- Antigen-loaded MR1 tetramers define T cell receptor heterogeneity in mucosal-associated invariant T cells
Generation of antigen-loaded MR1 tetramers that specifically stain MAIT cells identifies heterogeneity in phenotypes and TCR repertoires in humans and mice.
- Neutrophil mobilization via plerixafor-mediated CXCR4 inhibition arises from lung demargination and blockade of neutrophil homing to the bone marrow
The CXCR4 antagonist plerixafor augments frequency of circulating neutrophils via release from the lung and prevents neutrophil homing to the bone marrow.
- Pten loss in the bone marrow leads to G-CSF–mediated HSC mobilization
Loss of the phosphatase and tumor suppressor gene PTEN induces G-CSF production in myeloid and stromal cells, thereby promoting HSCs mobilization from the bone marrow to the spleen and the initiation of lethal leukemia.
- Notchless-dependent ribosome synthesis is required for the maintenance of adult hematopoietic stem cells
Conditional deletion of Notchless leads to rapid deletion and exhaustion of HSCs and early progenitor cells, whereas committed progenitor cells survive as a result of differences in ribosomal biogenesis.
- Cgnz1 allele confers kidney resistance to damage preventing progression of immune complex–mediated acute lupus glomerulonephritis
The mechanisms regulating acute and chronic glomerulonephritis are dependent on different genetic mechanisms, where the Cgnz1 allele confers kidney protection in immune complex–mediated proliferative lupus nephritis.
- Pathogenic CD4+ T cells recognizing an unstable peptide of insulin are directly recruited into islets bypassing local lymph nodes
A diabetogenic, insulin-reactive TCR transgenic mouse shows that CD4+ T cells that escape negative selection are directly recruited to islets, bypassing initial priming in pancreatic LNs, and also induce antiinsulin antibodies.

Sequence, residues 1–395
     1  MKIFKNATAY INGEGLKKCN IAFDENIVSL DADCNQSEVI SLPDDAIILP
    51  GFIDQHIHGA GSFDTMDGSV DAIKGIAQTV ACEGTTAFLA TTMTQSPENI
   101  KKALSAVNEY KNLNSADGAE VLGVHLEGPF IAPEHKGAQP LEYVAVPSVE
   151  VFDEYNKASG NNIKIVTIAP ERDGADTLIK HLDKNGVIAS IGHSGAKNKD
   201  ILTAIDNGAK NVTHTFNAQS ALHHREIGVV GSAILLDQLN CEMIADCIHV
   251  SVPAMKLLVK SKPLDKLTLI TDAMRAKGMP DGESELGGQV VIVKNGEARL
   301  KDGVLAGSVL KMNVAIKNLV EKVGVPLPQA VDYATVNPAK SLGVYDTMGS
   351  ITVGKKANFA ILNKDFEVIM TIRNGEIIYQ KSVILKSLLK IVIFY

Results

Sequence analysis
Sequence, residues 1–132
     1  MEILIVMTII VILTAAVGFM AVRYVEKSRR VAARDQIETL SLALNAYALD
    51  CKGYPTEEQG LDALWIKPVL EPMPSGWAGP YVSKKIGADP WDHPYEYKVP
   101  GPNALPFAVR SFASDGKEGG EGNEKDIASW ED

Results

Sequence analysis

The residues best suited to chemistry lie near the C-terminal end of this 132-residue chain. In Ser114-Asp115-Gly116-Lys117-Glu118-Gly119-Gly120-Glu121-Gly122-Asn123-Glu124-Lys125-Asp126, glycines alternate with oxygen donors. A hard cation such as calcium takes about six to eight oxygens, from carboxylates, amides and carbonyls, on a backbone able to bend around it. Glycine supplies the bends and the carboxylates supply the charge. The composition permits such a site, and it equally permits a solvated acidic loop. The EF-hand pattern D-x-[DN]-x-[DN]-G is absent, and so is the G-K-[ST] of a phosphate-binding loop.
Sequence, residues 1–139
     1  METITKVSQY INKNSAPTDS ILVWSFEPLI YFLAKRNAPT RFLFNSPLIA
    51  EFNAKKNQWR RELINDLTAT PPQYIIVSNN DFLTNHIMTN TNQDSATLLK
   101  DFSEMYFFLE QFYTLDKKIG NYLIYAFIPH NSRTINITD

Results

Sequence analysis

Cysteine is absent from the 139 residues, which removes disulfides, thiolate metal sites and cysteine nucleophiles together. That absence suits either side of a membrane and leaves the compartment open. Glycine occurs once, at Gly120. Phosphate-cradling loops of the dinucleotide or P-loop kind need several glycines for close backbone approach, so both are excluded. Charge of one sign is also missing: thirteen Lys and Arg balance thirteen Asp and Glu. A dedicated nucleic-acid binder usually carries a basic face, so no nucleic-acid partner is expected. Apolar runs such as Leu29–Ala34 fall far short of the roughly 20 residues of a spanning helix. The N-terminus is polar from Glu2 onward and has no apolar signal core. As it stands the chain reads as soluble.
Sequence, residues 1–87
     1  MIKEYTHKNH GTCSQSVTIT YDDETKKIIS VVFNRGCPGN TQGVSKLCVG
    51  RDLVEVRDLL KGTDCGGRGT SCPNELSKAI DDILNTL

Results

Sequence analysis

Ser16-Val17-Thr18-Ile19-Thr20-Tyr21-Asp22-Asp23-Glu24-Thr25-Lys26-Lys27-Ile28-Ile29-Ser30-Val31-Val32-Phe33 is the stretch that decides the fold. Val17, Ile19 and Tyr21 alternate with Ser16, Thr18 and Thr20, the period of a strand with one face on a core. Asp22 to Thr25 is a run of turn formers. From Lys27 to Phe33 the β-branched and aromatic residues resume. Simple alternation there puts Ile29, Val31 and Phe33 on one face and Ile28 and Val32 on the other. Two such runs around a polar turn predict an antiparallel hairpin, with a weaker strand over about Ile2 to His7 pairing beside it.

- Regulated vesicle fusion generates signaling nanoterritories that control T cell activation at the immunological synapse
The assembly of signaling nanoterritories at the T cell immunological synapse is controlled by the coordinated trafficking and fusion of specific vesicles containing the signaling molecules Lck, LAT, and TCRζ.
- Transient regulatory T cell ablation deters oncogene-driven breast cancer and enhances radiotherapy
Transient ablation of regulatory T cells in a murine model of breast carcinogenesis inhibits primary tumor and lung metastatic growth and enhances the therapeutic effect of radiotherapy, but not immune checkpoint blockade.
- RAGE is a nucleic acid receptor that promotes inflammatory responses to DNA
Receptor for advanced glycation end-products (RAGE) detects nucleic acids and promotes DNA uptake into endosomes, which in turn lowers the immune recognition threshold for TLR9 activation.
- Recognition of gut microbiota by NOD2 is essential for the homeostasis of intestinal intraepithelial lymphocytes
NOD2 signaling maintains intestinal intraepithelial lymphocytes via recognition of gut microbiota and IL-15 production.
- IL-4 directly signals tissue-resident macrophages to proliferate beyond homeostatic levels controlled by CSF-1
IL-4 and CSF-1 both contribute to macrophage proliferation during nematode infection, but IL-4 permits increased tissue macrophage density without the coincident monocyte infiltration associated with elevated CSF-1 levels.